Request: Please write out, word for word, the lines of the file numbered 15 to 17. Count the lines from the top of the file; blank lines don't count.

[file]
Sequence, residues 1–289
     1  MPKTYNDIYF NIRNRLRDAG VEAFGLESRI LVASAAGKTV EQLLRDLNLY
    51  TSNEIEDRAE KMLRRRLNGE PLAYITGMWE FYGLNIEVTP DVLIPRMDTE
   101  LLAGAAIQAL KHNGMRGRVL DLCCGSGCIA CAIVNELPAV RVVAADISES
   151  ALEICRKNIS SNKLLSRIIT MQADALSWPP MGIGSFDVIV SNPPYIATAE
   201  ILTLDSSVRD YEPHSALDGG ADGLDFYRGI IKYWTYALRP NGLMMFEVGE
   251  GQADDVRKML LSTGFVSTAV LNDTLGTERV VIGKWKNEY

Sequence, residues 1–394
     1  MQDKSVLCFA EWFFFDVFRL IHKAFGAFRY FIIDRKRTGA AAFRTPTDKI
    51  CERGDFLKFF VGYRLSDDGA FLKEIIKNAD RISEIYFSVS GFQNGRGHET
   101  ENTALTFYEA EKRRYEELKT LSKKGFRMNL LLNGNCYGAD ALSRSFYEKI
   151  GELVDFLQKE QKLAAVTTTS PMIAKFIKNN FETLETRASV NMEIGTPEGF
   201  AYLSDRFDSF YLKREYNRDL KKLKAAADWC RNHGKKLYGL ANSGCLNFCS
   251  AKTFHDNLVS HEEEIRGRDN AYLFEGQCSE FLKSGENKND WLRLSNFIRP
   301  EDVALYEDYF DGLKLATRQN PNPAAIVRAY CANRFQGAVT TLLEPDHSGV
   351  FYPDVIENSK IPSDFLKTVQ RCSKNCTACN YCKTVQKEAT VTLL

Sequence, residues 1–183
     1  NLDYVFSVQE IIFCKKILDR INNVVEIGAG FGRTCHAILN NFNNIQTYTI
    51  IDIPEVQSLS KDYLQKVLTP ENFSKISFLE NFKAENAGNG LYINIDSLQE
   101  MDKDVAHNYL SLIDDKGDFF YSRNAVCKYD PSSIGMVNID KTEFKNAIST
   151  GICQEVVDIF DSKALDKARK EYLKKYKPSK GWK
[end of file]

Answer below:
   301  EDVALYEDYF DGLKLATRQN PNPAAIVRAY CANRFQGAVT TLLEPDHSGV
   351  FYPDVIENSK IPSDFLKTVQ RCSKNCTACN YCKTVQKEAT VTLL

Sequence, residues 1–183